Posts filed under ‘product development’
Or, the true value of instinct vs. market research… (more…)
On Sept. 1, Inc. Magazine published a list of seventeen “words of wisdom” from serial entrepreneurs whose companies are on this year’s Inc. 500. The second item on the list caught my eye. It is the headline of this blog post and was attributed to David Friend, CEO of Carbonite.
The company earned it’s spot as America’s fastest-growing IT service company by selling unlimited online backup space for personal computers. Carbonite grew 11,208 percent in three years, earning $19.1 million in revenue.
What can we learn from David Friend’s admonition to write the ad before we build the product? It’s simple. Building a product is painstaking, detailed work. It takes a lot of time, energy and investment to get things right. Once it’s ready, the sales and marketing folks have to sell it. It is the product after all.
But writing the ad first makes us focus on the customer before we’re committed to a feature set. If we can communicate a real solution to our customers’ needs in just a few words, we’ll do a better job of designing the product. If we lose sight of the customer, we’ll have a much harder sell.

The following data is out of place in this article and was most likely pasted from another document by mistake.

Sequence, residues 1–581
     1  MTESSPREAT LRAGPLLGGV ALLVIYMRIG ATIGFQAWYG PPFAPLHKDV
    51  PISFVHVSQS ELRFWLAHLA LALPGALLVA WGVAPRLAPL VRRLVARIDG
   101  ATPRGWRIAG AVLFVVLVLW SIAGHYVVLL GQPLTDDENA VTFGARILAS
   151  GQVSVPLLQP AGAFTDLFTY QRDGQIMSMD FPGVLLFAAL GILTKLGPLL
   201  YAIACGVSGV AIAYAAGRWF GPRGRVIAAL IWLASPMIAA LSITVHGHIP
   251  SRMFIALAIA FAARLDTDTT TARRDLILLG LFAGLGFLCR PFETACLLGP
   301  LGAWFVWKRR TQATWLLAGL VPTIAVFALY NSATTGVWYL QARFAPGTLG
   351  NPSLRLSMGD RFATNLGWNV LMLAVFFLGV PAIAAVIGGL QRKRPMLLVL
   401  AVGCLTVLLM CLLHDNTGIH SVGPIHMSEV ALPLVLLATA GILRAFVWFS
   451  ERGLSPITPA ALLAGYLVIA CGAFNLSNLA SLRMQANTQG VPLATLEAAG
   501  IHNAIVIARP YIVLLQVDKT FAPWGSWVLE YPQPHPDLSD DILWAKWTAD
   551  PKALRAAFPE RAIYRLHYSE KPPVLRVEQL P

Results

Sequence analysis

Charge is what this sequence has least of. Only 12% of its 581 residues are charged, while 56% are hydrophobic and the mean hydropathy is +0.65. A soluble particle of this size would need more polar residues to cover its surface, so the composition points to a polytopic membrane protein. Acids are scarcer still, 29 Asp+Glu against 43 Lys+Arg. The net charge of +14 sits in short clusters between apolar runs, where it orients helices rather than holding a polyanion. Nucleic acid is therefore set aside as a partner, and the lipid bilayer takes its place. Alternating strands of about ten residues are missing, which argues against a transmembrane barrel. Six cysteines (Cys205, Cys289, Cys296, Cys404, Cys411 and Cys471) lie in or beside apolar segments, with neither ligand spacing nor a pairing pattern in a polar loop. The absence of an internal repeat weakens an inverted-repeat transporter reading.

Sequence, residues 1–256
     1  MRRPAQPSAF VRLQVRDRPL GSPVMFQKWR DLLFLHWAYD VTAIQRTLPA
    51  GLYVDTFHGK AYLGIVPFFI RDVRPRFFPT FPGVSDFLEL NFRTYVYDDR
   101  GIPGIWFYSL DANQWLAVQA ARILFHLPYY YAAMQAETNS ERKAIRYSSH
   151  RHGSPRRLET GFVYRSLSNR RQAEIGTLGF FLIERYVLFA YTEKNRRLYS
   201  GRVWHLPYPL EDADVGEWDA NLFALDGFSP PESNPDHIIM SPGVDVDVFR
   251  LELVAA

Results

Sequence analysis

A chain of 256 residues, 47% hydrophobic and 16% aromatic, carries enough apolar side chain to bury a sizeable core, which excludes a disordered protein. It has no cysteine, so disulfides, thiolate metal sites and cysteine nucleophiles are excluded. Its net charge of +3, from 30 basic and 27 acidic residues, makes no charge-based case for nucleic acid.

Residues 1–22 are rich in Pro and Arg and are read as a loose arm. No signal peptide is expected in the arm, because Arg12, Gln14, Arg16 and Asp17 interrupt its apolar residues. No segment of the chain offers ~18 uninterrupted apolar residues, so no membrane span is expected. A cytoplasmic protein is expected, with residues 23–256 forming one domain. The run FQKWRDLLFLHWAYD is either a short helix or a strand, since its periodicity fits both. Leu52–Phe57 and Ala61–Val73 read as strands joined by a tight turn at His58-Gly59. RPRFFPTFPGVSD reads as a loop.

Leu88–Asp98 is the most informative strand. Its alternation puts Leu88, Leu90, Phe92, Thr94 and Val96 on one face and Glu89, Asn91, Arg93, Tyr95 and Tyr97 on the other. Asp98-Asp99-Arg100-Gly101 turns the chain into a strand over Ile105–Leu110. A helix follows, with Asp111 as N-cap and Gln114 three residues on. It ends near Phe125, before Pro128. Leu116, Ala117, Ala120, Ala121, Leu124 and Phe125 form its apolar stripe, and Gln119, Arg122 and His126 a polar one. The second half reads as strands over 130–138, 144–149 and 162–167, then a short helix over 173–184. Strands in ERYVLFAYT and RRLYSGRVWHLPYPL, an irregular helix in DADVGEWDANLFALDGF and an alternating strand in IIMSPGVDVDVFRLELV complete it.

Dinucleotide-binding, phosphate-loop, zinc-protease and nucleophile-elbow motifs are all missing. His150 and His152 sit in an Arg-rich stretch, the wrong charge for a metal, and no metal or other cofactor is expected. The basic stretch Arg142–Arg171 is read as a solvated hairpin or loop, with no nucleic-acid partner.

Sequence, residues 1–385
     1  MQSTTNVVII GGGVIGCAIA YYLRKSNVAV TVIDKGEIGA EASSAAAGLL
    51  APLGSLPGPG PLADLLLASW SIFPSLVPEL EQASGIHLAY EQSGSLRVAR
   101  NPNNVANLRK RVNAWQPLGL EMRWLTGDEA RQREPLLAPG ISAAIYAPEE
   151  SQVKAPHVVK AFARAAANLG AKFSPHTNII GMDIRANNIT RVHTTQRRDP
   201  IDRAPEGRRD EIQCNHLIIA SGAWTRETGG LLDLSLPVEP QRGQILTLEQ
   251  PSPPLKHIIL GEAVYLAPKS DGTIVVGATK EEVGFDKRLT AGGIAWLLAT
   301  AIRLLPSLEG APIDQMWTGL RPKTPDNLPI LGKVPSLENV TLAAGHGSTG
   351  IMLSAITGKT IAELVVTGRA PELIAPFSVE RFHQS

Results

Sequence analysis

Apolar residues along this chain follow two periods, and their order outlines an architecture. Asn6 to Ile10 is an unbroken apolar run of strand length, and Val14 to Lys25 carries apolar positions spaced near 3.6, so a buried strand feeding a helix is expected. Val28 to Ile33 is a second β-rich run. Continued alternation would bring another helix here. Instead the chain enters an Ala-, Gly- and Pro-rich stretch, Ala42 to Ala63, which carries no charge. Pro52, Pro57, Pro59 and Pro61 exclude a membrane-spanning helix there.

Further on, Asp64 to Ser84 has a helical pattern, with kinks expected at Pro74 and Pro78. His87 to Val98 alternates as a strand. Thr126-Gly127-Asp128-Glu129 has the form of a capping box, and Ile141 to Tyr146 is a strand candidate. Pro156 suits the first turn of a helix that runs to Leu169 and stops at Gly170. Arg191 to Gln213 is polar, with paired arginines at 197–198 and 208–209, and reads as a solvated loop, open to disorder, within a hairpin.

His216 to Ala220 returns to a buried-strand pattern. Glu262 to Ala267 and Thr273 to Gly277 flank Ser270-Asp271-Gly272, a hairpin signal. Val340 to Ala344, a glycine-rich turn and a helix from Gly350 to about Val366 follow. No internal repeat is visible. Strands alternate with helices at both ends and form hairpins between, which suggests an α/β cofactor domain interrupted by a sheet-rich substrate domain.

via Ben Parr, Editor (Mashable)
Almost every great business, both big and small, can trace its roots to an entrepreneur (or more often, a couple of entrepreneurs) with only their determination and an idea for a new enterprise. The very first step for almost any entrepreneur tends to be the idea: finding something that other companies don’t do well or simply don’t do at all.
While you may be an entrepreneur who’s brimming with countless ideas, or maybe you’re a group of friends who see an opportunity, you should never just “jump right in.” Most of the time, that approach ends with heartbreak and a lot of lost cash.
The first thing my entrepreneurial mentor taught me as I was learning about the startup world was the “Will the Dog Eat the Dog Food?” test. Just as Purina tests to make sure canines will eat the dog food they create before it goes to market, a smart entrepreneur has to test and research his or her idea before turning it into a business.
The first step in testing whether the dog will eat the dog food is to answer these questions…